‘Who will determine Turkey’s Future?’ Ece Temelkuran on Turkey today
Posted by Ece Temelkuran
EVENT: Ece Temelkuran, along with Kaya Genç and Daniel Trilling, will consider the state of Turkey on Thursday 15 September at the Bookshop. Book tickets here. Below, in an extract from Turkey: The Insane and the Melancholy, Temelkuran describes the pervasive air of unease and unrest that hangs over Turkey’s citizens today.
Told that Turkey is heading towards fascism, the European reader may think, based on her own historical experience, that this is not unlike a teenager howling “This is fascism!” when he is told to clean up the mess in his room. And it is indeed up for debate whether what Turkey is approaching could be called fascism. But the truth is that today even ordinary people in Turkey share on their Facebook profiles the famous statement by the priest Martin Niemöller: “First they came for socialists and I did not speak up because I was not a Socialist… and there was no one left to speak for me.” “When is it my turn?,” people are thinking. For – although the reasons may never be set out in official history – even the most politically uninvolved storekeepers and grocers of Turkey believe the government is tapping their phones.
Who, then, will determine Turkey’s future?
Those in Turkey who live amidst feelings of asphyxiation and losing their wits revolted in the summer of 2013. It all started when three trees in the Taksim Square in the centre of Istanbul were uprooted for highway construction. For weeks, the entire country, with the exception of two cities, were on the streets day and night to protest on behalf of society’s other half and its distress and sense of being driven mad, as well as the administration’s irrational, fallacious, unlawful and unscrupulous methods. After Tahrir Square and Madrid, and exactly like the crowds in those places, people protested with laughter, even though they were risking death. Eleven died and more than 8,000 were injured during the Gezi riots. None of the perpetrators of violence against the people were prosecuted, but close to 6,000 protestors were put on trial. Yet three years later the ghost of Gezi still continues to haunt Turkey.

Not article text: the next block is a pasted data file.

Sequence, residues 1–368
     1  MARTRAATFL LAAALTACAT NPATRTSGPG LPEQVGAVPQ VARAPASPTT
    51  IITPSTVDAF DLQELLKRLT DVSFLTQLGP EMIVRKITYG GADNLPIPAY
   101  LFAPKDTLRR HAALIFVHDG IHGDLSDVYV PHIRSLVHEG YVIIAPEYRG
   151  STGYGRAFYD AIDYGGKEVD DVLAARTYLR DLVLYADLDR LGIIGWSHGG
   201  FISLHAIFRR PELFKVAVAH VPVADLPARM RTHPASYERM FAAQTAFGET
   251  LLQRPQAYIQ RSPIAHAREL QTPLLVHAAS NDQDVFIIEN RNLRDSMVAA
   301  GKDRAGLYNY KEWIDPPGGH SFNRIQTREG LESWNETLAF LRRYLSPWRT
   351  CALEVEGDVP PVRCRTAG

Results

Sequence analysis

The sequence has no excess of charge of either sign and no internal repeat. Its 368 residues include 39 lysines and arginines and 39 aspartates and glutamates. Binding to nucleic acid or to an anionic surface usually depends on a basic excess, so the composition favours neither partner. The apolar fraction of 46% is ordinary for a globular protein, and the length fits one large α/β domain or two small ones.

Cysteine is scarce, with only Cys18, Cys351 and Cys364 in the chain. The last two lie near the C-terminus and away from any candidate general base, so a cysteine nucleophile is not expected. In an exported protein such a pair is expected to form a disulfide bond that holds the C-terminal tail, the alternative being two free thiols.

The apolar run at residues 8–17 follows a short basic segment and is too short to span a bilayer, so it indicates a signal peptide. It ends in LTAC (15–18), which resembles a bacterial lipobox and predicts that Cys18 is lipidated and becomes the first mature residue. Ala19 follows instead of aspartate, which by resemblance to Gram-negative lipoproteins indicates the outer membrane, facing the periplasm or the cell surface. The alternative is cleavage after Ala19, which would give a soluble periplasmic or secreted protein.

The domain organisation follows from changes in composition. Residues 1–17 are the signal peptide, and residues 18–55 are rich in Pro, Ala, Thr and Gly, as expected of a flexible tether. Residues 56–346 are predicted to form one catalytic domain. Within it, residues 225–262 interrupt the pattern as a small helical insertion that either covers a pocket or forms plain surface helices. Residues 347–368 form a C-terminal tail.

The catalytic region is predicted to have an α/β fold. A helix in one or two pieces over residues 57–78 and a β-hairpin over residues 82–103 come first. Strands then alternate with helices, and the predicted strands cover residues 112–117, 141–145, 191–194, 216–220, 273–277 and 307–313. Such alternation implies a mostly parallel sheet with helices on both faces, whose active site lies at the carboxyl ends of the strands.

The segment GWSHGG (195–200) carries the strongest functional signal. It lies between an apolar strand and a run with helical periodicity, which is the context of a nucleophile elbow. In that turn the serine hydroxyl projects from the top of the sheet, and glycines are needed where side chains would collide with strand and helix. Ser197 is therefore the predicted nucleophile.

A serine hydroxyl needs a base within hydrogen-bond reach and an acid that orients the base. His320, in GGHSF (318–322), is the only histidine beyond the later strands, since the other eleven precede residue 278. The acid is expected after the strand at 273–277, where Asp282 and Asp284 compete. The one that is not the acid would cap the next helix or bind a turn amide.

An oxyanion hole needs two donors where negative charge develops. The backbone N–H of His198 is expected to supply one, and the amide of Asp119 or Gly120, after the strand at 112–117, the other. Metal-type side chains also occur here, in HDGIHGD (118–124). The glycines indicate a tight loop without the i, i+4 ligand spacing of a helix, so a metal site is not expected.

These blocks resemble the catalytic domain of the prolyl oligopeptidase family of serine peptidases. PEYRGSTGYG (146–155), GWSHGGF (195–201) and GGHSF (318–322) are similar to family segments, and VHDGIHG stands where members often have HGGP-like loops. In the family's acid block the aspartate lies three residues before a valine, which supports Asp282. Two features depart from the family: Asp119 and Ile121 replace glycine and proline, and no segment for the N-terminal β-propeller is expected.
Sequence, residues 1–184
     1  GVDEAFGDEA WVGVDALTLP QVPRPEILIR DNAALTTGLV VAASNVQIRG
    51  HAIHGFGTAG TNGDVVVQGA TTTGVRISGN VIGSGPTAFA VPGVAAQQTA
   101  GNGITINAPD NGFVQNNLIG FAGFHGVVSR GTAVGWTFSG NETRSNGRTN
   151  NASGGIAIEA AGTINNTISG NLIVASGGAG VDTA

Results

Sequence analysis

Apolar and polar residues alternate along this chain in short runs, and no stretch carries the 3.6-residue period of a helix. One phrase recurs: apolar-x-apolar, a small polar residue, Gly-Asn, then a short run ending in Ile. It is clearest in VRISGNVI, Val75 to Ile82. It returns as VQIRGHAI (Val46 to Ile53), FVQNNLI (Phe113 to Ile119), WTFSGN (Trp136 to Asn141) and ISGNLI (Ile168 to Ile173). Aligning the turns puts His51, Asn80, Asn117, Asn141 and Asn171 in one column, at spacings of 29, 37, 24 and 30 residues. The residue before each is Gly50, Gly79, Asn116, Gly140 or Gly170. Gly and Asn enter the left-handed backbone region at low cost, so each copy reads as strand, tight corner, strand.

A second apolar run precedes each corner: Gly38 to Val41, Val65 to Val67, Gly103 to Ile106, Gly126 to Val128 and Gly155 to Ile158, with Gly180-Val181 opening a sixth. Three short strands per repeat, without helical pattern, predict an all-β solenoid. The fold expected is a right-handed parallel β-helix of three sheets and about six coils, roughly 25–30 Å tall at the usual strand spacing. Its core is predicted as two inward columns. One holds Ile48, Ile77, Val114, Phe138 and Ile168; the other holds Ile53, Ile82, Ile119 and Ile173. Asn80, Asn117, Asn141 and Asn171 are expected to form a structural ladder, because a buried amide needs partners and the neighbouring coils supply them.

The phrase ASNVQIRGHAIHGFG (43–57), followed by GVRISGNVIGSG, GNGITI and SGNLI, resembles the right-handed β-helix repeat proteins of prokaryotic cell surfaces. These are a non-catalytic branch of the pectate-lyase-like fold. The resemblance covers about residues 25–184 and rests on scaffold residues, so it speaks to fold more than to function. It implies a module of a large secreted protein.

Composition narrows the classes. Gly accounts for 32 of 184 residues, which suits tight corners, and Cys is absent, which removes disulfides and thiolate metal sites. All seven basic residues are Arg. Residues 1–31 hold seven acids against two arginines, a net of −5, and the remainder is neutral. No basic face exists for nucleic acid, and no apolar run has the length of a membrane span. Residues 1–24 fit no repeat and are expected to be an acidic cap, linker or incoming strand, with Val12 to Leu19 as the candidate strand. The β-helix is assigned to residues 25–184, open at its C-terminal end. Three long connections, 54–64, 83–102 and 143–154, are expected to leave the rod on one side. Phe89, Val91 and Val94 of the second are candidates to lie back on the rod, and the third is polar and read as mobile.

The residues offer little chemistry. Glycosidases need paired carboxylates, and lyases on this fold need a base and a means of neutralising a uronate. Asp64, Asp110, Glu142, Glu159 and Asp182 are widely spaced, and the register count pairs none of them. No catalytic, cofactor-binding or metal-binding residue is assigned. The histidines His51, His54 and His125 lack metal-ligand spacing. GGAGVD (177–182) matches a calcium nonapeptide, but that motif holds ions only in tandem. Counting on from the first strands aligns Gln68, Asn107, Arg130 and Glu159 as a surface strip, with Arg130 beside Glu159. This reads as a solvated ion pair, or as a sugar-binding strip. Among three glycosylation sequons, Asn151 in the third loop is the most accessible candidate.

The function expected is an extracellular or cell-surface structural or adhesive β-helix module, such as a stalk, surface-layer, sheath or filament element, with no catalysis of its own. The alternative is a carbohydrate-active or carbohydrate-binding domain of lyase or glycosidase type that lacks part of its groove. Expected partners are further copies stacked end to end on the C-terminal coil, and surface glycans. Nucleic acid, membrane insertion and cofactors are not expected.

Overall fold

Today, an unsettled sense of discord still presides over not only Turkey but also Egypt, Spain, Greece and many other countries in the world. Stripped of all of its words and rhetoric during the transition from the Cold War to the unipolar world order, unrest increasingly takes the form of pure fury on all the impoverished streets of the world. Perhaps, very soon, Tahrir, Gezi or Madrid will see the beginnings of a new “wordless revolt” that has nothing to say, not one word, sentence or demand. Or …
Or Andalusia Reloaded! This is why all revolts, both above and below the navel of the Earth, must be “united”. The East and the West must be reconstructed at the point of contact: that is, Andalusia...
Tomorrow … it seems to contain Eldorado no matter the language in which it is uttered. Today, however, when one says it in Turkish, an ominous tone creeps into one’s voice, just like when one says the words “This is Turkey!”
Book tickets online for ‘The State of Turkey’, a panel discussion at the Bookshop on Thursday 15 September.